Business & Industry
Sep 1, 2016
GOLD MINES FACE NEW CHALLENGES
Although jewellery is one of the major consumer industries of gold ore, its consumption has grown significantly in the recent decades, thanks to the increasing number of electronic devices and new technologies that transform time into something even more tantivy. Considering that producing of gold is a slow process, responding to the current market demands can become challenging.
According to the website "Statista.com", between 2005 and 2015, the world's gold production increased consistently, from about 2,470 metric tons in 2005 to about 3,000 metric tons in 2015. However, factors such as pressure costs, lack of significant discoveries and lack of projects implementation can reverse this trend.
Gold mining projects take a long time to develop, as well as to begin production. Many times, this process can take 10 years or more, so it isn´t easy for mining companies respond to immediate needs.
Recently, the industry has undergone a change that altered its normal cycle. South Africa, the world's largest producer until 2007, gradually lost the lead, and ended up falling to 7th place in 2015.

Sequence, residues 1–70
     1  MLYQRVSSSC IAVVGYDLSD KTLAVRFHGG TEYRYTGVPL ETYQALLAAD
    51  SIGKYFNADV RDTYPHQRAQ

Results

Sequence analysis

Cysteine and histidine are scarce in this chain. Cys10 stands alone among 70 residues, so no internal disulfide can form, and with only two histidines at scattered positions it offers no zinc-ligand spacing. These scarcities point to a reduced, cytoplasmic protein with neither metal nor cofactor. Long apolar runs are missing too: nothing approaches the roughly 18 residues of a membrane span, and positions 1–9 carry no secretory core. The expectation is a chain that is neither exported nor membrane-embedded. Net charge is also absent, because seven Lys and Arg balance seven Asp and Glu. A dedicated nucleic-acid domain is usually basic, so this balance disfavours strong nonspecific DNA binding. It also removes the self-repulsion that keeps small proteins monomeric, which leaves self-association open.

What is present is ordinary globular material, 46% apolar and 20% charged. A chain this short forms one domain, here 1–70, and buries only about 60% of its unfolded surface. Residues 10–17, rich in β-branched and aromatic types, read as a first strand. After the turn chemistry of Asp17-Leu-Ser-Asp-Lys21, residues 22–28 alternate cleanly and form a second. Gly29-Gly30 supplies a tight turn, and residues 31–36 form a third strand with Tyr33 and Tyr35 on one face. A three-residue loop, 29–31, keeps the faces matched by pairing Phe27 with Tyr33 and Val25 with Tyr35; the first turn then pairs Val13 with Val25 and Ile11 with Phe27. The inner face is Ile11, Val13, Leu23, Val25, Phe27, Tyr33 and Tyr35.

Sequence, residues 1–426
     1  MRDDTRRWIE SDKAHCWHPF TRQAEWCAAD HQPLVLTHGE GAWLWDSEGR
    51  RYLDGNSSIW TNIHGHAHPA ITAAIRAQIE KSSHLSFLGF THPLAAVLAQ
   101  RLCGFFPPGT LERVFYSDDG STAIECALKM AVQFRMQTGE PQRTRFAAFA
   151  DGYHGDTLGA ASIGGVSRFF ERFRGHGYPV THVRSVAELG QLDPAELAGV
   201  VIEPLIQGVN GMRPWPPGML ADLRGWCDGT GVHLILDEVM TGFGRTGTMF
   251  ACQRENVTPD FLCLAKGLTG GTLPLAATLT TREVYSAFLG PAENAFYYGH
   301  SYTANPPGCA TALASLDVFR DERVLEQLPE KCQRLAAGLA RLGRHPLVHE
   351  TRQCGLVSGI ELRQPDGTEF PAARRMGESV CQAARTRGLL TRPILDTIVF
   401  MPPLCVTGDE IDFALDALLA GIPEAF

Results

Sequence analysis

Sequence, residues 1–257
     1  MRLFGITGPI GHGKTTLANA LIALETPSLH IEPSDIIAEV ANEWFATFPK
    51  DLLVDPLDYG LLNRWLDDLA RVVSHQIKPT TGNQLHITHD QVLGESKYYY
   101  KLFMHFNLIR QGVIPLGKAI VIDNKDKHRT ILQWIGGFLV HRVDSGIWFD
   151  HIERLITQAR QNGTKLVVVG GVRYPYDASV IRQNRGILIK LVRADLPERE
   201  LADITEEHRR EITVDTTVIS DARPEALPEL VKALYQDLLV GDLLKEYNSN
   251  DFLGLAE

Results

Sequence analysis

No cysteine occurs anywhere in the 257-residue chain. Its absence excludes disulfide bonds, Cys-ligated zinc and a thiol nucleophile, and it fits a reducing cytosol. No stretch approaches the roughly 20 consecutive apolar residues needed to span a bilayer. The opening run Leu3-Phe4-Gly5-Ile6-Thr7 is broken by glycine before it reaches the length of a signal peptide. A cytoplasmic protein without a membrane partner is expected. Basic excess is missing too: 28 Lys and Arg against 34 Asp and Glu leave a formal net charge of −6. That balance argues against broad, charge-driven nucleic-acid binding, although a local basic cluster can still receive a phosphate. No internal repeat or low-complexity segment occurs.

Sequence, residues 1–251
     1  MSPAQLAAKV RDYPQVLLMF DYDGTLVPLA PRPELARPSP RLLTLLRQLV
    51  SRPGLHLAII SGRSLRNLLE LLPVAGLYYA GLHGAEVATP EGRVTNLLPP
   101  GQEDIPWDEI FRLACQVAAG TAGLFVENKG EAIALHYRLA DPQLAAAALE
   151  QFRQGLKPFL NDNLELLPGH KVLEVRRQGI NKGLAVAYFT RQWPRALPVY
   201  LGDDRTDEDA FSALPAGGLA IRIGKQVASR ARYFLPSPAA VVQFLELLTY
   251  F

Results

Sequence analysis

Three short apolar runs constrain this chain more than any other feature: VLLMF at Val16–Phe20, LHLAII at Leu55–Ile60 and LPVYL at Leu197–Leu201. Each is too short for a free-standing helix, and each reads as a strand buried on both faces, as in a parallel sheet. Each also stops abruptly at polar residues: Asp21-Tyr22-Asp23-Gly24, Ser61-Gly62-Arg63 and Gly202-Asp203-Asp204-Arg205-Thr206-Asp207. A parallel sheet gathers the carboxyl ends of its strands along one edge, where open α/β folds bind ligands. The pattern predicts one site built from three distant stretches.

For many years, the country provided about two-thirds of the world's gold production, producing around 1,000 tons annually. This number has decreased substantially, registering 168 tonnes in 2015. The reasons for this don´t include lack of resources, as the country is just below Australia, the leader in reserves, but rather the high production costs, which in South Africa are higher than those in other areas.
Headquartered in Johannesburg, South Africa, Gold Fields Limited is the largest gold mining company in the country and is among the World's top ten. Formed in 1998, it currently owns and operates eight gold mines in South Africa, Ghana, Australia and Peru. About 45% of the production comes from the operations in Australia, and 9% originates in South Africa. Gold Fields produces approximately 60 tons of gold per year, that is, approximately one third of the total country production.
The company was rated the best South African mining company, in "The Sustainability Yearbook 2016", a publication that evaluates the sustainable performance of the World's 2100 largest companies, measures the management practices in the economic and environmental areas, as well as the approaches to social involvement.
This publication, launched in early 2016 at the "World Economic Forum" in Davos, Switzerland, by the investment firm RobecoSAM, included seven South African companies.